Aldwyish, Abdullah Saleh ( 2021)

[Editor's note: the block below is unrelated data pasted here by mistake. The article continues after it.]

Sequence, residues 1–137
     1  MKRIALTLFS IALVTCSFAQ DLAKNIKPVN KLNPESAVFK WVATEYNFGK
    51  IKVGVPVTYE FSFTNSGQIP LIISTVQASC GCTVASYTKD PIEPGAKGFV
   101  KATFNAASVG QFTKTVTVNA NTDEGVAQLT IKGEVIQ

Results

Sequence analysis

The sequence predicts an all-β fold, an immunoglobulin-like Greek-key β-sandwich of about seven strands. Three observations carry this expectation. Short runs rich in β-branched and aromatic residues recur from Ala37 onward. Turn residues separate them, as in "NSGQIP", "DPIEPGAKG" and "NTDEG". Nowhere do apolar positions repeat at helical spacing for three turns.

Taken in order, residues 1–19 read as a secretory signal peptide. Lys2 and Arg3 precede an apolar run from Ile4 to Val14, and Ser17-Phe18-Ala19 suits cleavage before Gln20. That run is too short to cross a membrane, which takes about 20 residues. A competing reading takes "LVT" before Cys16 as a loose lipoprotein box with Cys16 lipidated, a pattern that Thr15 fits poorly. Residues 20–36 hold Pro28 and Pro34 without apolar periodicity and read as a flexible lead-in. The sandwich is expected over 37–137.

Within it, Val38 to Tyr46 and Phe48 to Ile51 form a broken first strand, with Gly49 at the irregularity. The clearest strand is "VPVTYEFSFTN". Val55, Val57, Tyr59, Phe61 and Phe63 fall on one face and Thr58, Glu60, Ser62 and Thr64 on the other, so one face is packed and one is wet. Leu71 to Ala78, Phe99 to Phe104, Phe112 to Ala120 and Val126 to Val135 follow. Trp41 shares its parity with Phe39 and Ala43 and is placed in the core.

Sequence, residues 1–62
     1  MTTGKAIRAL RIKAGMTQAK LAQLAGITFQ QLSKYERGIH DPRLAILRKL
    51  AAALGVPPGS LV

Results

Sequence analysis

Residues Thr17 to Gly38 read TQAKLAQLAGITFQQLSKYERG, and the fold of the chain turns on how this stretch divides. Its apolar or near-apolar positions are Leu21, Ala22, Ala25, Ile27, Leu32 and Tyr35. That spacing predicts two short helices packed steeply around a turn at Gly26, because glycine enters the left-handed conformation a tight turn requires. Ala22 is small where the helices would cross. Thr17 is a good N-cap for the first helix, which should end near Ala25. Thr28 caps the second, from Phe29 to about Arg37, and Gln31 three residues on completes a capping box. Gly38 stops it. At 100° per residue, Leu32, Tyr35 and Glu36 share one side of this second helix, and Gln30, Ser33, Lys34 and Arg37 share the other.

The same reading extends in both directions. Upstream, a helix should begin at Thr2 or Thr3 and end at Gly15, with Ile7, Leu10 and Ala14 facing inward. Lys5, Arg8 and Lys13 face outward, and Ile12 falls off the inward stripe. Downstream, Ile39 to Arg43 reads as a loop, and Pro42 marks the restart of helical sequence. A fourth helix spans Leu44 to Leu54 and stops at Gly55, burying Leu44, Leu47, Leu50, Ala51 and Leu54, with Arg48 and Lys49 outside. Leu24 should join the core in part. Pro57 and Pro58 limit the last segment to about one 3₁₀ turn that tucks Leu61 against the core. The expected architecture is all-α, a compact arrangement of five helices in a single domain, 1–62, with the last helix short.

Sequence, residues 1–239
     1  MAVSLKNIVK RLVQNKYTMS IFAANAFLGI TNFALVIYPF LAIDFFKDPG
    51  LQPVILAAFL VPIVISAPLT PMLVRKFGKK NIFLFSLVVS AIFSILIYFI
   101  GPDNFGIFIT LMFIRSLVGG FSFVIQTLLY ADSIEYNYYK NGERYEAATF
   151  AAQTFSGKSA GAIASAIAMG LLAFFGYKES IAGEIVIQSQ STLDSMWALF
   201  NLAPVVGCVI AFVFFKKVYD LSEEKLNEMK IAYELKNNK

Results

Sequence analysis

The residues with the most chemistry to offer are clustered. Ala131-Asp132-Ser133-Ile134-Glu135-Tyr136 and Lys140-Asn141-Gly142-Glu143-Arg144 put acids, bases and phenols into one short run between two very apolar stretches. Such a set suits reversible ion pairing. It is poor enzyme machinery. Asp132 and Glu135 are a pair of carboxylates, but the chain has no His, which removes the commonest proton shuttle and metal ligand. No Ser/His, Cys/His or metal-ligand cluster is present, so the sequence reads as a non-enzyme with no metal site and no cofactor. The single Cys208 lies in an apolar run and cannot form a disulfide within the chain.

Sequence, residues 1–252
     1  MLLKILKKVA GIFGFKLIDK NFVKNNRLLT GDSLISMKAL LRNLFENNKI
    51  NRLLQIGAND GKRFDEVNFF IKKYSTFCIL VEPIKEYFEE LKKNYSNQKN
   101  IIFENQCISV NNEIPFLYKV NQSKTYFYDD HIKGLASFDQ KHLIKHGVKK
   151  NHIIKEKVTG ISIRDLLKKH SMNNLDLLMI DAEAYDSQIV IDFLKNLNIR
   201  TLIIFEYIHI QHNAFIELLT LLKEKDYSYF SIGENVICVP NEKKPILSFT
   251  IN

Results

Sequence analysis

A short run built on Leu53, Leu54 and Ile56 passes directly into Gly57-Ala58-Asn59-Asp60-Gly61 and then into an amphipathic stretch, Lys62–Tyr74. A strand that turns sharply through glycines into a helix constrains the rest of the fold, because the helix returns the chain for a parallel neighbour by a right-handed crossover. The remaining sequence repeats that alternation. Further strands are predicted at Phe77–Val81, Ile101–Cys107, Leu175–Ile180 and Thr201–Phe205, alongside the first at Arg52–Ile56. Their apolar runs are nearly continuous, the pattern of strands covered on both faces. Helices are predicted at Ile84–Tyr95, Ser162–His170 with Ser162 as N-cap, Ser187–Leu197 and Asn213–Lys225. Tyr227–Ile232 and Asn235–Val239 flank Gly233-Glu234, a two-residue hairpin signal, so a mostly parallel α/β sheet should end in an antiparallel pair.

Mobility is essential for modern societies. However, due to the increasing demand for mobility, traffic congestion poses a significant challenge to economic growth and advancement for many cities worldwide. At the same time, the widespread availability of location-aware devices has led to a sharp increase in the amount of traffic data generated, thereby, providing an opportunity for intelligent transportation systems to emerge as one of the main cost-effective methods for traffic congestion mitigation. This boost in traffic data has led to a new generation of live navigation services that depend on traffic estimation to provide up-to-date navigation advice. Intelligent transportation systems increase the utilization of existing infrastructure and support drivers to make better navigation decisions by providing actionable traffic information. However, a fundamental shortcoming of existing intelligent navigation systems is that they do not consider the evolution of traffic and route drivers based on snapshot traffic conditions. This is especially critical in the presence of traffic incidents, where the impact of the incident introduces significant variation in the traffic conditions around the incident as things unfold. This thesis proposes three contributions focusing on traffic estimation and forecasting to help drivers avoid bad traffic, especially around traffic incidents. The first contribution is an automated traffic management service to help drivers avoid traffic events based on analyses of historical trajectory data from other drivers. Users subscribe to the service and, when a traffic event occurs, the service provides advice based on all drivers' actions during a similar traffic event in the past. We present a solution that combines a graph search with a trajectory search to find the fastest path that was taken to avoid a similar event in the past. The intuition behind our solution is that we can avoid a traffic event by following the traces of the best driver from a similar situation in the past. The second contribution is a system that uses real-time traffic information and fast traffic simulations to adapt to traffic incident impact and generate navigation advice. In this work, we use faster than real-time simulations to model the evolution of traffic events and help drivers proactively avoid congestion caused by events. The system can subscribe to real-time traffic information and estimate the traffic conditions using fast simulations without the need for historical data. We evaluate our approach through extensive experiments to test the performance and accuracy, and quality of the navigation advice of our system with real data obtained from TomTom Traffic API. For the third contribution, we propose effective deep learning models for large-scale citywide traffic forecasting. In addressing this problem, our goal is to predict traffic conditions for thousands of sites across the city. Such large-scale predictions can be used by navigation systems to help drivers avoid congestion. We propose a traffic forecasting model based on deep convolutional networks to improve the accuracy of citywide traffic forecasting. Our proposed model uses a hierarchical architecture that captures traffic dynamics at multiple spatial resolutions. We apply a multi-task learning scheme based on this architecture, which trains the model to predict traffic at different resolutions. Our model helps provide a coherent understanding of traffic dynamics by capturing short and long spatial dependencies between different regions in a city. Experimental results on real datasets show that our model can achieve competitive results while being more computationally efficient.